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About this product
- DescriptionOne of the tools available to the counterinsurgent when devising a campaign is the interdiction of the insurgent's movement of men, materiel, and money at the border. This thesis examined three case studies of border interdiction in insurgency: the French in Algeria from 1954 to1962, the Rhodesian experience from 1965 to1980, and the current Coalition experience in Iraq. In 1956, to counter insurgent infiltration of fighters and weapons, the French built the Morice Line, a barricade system built around an electronically charged fence. The Morice Line was remarkably effective in stopping insurgent infiltration. While the Rhodesians attempted similar border fortifications, they lacked the resources to successfully employ such means. They instead found the employment of highly mobile teams to track and kill insurgents more successful, given their resource constraints. The US-led Coalition in Iraq, after a slow start, employed small advisory teams in support of Iraqi security forces working from border forts to secure Iraq's borders. The three case studies show that border interdiction is a relatively inexpensive component of a counterinsurgency campaign, but can be a vital component of that campaign if the counterinsurgent interdicts the right target (manpower, weapons, or funding).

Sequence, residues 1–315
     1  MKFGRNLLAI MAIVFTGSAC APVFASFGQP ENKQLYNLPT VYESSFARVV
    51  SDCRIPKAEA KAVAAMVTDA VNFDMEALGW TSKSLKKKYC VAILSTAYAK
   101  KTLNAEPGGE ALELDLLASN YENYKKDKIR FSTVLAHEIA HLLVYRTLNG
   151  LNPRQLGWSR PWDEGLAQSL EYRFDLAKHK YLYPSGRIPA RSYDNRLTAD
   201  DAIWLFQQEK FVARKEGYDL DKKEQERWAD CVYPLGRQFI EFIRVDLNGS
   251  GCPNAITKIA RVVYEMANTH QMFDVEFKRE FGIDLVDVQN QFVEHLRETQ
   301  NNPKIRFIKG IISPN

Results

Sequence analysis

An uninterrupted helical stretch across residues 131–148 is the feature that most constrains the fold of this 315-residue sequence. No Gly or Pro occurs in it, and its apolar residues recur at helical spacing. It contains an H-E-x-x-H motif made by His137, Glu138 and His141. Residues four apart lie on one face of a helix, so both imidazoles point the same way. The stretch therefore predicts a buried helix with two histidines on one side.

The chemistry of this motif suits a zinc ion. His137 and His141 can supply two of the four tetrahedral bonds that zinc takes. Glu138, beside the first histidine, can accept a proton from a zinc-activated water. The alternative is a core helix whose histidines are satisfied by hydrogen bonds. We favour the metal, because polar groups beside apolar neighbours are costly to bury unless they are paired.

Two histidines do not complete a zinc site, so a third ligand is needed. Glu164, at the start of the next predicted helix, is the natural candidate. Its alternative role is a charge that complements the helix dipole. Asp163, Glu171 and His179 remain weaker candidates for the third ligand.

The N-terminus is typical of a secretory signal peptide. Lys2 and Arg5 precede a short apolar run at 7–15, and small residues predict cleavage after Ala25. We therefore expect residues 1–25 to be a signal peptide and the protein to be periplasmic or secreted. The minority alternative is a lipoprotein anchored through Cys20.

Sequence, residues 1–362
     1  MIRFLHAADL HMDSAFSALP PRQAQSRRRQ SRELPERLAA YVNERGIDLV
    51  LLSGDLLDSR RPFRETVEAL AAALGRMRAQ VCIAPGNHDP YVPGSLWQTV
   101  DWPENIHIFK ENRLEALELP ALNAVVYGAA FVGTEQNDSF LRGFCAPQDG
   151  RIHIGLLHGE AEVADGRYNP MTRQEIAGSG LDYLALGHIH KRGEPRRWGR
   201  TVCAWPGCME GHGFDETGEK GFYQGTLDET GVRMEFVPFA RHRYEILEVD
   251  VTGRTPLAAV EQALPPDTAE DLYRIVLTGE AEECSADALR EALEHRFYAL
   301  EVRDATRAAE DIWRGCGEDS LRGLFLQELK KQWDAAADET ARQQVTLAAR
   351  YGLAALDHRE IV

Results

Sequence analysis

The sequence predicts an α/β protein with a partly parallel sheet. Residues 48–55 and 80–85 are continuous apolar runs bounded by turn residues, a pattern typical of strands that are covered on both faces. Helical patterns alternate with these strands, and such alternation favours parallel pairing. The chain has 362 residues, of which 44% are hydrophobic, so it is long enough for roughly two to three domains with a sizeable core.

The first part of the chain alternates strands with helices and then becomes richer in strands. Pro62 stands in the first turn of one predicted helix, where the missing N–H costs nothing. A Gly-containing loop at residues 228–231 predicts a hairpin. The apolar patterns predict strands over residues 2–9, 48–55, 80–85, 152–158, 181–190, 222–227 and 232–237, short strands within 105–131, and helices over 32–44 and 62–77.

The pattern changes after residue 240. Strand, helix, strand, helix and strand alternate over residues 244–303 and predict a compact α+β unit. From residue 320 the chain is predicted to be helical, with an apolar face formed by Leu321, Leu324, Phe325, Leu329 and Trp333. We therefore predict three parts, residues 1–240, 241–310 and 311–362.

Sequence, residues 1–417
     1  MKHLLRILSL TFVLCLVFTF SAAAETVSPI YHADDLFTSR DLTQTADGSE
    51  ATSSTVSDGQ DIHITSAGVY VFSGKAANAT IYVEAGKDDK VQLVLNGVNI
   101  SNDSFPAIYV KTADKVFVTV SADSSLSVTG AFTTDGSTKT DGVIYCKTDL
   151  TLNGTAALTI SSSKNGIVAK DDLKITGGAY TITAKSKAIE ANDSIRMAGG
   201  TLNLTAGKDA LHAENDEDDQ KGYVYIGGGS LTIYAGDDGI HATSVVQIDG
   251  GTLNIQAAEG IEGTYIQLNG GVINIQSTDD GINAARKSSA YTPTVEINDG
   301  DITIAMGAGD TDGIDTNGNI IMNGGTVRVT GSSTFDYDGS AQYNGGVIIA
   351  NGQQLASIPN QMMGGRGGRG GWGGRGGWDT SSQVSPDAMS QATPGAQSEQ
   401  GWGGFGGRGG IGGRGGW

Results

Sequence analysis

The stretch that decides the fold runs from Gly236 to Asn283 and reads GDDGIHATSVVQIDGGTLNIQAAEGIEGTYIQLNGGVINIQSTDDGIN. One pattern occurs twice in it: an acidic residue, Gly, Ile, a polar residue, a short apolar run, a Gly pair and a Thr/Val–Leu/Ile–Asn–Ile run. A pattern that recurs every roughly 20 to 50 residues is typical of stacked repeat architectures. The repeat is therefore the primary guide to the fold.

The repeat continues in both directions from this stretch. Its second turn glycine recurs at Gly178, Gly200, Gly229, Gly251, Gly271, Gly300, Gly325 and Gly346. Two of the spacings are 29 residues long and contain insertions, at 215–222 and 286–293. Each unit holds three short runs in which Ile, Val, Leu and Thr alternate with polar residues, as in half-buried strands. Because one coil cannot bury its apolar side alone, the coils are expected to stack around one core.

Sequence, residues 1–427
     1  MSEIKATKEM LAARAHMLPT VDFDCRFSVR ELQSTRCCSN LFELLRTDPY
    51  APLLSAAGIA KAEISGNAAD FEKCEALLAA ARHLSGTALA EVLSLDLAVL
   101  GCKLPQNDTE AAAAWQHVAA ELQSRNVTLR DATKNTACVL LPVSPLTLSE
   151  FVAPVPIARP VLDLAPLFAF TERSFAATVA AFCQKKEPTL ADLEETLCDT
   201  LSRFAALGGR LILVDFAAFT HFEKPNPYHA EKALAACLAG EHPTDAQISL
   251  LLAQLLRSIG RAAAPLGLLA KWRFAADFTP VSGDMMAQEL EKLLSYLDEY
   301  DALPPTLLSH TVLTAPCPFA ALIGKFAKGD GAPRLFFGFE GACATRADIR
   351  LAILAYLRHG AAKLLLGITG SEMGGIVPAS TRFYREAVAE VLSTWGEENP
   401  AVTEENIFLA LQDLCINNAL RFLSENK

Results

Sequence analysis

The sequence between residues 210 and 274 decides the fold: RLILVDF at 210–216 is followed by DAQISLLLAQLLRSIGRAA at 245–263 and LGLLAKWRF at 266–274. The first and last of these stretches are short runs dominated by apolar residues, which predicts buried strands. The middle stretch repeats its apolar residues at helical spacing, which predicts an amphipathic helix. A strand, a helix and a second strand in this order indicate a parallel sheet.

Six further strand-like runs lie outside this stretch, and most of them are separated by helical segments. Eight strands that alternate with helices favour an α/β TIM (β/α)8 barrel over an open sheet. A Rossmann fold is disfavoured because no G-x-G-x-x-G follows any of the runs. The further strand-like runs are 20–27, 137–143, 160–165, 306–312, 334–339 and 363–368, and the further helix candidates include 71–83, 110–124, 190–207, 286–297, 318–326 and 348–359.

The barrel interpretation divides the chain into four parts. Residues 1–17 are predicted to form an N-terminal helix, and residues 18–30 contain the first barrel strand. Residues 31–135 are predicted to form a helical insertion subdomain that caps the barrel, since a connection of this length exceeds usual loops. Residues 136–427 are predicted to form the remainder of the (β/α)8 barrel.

- Author(s)Timothy M Bairstow
- Date of Publication17/09/2012
- FormatPaperback / softback
- SubjectEducation & Teaching
- Country of PublicationUnited States
- Weight218 g
- Width189 mm
- Height246 mm
- Spine6 mm
- Format DetailsTrade paperback (US),Unsewn / adhesive bound
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